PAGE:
I thank the member for McEwen for this motion, and I’m honoured to speak here today and pay tribute to those who lost their lives, those who were injured and those who lost everything on 7 February 2009—14 years ago last week.

Black Saturday is etched into our memories in Indi. It’s a day we will never forget. We remember the way the smoke burned our eyes and our throats, the extreme heat and the way the wind whipped up the embers and flame and destroyed all in its path. We remember the overwhelming roar, like a jumbo jet. We remember the way the orange sky turned black and the fire that seemed to come at us from all directions. We remember the panic and anguish as we waited to hear word about our loved ones, whether they’d made it out alive. We remember the way we felt joy and relief when there was good news, only to be hit with the devastation when there was the worst news of others.

That day, 173 lives were lost, the majority of which were in Indi. Today, we remember those we lost in Kinglake, Kinglake West, Marysville, Narbethong, Flowerdale, Strath Creek, Toolangi, Mudgegonga and the countless other towns and communities that still bear the scars today. Today we also pay tribute to the brave men and women from our emergency services, who put their lives on the line to protect others and who answered the call to protect their communities—the CFA, the SES and many more volunteers, thousands upon thousands, who rolled up their sleeves to come to the aid of those who had lost everything, and they came day after day. The way the community came together on that day and in the days and years that followed is etched in my memory as well.

Importantly, we should also note that what we are remembering and paying tribute to is not just one day. For those in fire-affected communities, this is not all in the past. Recovery is a marathon, and they’re still running it. The trauma and scars in our community stretch for years and remain just below the surface. One survivor, Bron Sparkes, who lived in Kinglake, told the Age newspaper on the 10th anniversary of the fires, that it’s:

“… less about moving on and more about adapting to that experience and figuring out how to live while carrying that experience with you.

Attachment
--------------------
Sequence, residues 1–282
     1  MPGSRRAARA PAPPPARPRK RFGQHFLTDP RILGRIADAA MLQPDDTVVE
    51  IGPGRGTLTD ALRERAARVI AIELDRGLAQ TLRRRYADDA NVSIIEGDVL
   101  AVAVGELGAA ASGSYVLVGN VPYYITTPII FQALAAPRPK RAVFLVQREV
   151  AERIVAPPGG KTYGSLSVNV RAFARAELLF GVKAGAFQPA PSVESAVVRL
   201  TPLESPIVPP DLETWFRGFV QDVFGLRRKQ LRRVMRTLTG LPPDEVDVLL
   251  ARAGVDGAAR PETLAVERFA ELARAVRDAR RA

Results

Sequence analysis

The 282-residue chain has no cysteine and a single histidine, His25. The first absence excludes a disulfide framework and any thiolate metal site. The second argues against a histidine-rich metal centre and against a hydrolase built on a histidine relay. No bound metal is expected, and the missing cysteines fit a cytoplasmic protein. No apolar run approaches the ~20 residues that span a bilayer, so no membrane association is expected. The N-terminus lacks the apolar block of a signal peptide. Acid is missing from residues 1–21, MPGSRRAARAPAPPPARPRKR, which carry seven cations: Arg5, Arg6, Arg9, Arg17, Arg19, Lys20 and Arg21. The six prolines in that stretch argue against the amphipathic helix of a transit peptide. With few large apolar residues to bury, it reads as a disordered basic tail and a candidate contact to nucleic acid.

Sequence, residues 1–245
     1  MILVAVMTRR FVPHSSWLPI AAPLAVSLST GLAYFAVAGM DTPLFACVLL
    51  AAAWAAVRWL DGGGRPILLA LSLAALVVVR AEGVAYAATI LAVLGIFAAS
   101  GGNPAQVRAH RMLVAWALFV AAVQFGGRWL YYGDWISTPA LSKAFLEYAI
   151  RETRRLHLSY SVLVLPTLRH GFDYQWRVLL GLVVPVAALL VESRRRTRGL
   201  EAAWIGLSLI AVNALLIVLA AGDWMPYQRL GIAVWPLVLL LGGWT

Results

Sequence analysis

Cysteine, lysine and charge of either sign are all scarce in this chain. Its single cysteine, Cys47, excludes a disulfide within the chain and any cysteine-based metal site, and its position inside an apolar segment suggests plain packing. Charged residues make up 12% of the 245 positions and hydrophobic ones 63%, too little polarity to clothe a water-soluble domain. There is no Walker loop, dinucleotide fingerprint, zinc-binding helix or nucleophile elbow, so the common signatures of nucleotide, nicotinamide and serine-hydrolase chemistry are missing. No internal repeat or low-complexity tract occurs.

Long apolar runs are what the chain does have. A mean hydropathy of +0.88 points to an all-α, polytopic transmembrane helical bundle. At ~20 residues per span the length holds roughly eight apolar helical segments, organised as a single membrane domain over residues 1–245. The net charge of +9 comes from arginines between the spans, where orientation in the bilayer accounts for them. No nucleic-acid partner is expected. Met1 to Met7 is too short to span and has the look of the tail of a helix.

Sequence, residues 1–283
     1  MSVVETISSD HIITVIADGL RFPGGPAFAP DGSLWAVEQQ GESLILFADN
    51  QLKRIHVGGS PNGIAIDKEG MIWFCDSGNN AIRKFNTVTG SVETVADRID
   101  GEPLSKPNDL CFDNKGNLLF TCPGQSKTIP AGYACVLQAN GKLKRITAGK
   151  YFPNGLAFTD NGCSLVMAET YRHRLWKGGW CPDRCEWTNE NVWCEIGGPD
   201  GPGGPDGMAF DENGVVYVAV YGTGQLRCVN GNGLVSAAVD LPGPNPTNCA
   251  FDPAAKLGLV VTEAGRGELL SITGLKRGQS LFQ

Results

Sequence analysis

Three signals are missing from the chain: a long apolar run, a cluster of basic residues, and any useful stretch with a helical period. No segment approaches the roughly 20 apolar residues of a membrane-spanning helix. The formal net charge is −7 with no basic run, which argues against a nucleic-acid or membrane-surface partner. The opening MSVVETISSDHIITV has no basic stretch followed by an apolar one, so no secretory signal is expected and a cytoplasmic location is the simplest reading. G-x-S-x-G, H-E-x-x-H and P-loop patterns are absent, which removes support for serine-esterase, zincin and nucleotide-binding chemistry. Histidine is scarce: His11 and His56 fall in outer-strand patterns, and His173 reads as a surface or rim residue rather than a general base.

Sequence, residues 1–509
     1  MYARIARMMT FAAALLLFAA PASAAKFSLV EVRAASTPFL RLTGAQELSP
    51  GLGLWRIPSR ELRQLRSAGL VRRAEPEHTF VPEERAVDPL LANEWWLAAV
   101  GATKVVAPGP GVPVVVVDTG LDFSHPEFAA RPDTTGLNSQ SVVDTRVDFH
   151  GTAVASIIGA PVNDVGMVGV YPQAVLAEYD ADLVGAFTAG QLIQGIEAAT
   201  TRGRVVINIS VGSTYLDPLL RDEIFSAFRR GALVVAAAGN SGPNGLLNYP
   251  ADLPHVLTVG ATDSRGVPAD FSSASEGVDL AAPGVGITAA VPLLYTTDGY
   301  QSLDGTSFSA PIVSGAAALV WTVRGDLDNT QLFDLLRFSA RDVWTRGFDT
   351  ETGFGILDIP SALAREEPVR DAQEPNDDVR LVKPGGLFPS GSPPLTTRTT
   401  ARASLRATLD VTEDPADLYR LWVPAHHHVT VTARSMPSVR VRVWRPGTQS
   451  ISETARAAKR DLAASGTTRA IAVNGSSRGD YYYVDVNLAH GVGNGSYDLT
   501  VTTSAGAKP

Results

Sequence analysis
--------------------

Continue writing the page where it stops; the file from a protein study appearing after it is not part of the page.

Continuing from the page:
You incorporate the experience into every cell of your mind and body. It’s really how you work with that as you progress through life. Because it’s a part of you and it will always be part of you. And you can’t move on from that.”

For some, working out how to carry that experience with them as they move on through life has been incredibly hard. The mental health aspects, the effects on families, the impact on children who were so small when faced with such terror have been significant. And while Black Saturday was a tragedy, and the years that have followed have been tough, the fires have also left us with a legacy of community, of togetherness, of connection, of resilience. There are many groups and projects that started as a response to the fires but have continued on over the years; they’ve transformed to meet the ongoing and changing needs of their communities. Firefoxes Australia started in Kinglake, in the aftermath of the fire, helping with the immediate recovery and relief, and growing to help the community consider what the new normal would look like after the fires. And now Firefoxes supports women to embrace and realise their dreams.

Foundation Murrindindi began as the Marysville and Triangle Community Foundation to continue the recovery and allocate funds, but now works towards a vision of thriving, vibrant and connected communities within the Murrindindi shire. Neighbourhood Houses, Men’s Sheds still connect with people in our communities post fires, and that’s vital work that’s too often unnoticed.

It’s the connection that’s created and supported by these groups at local, sporting and community events that is the real key to recovering from a disaster like Black Saturday. Because long after the buildings are rebuilt, it’s the community building that really is what government must be funding and supporting for the long term. These are just some examples of the hundreds of groups and initiatives that were forged in the fire but continue to serve and connect our communities now and into the future. I’m proud to pay tribute to them, I thank them, and I remember those from 14 years ago.

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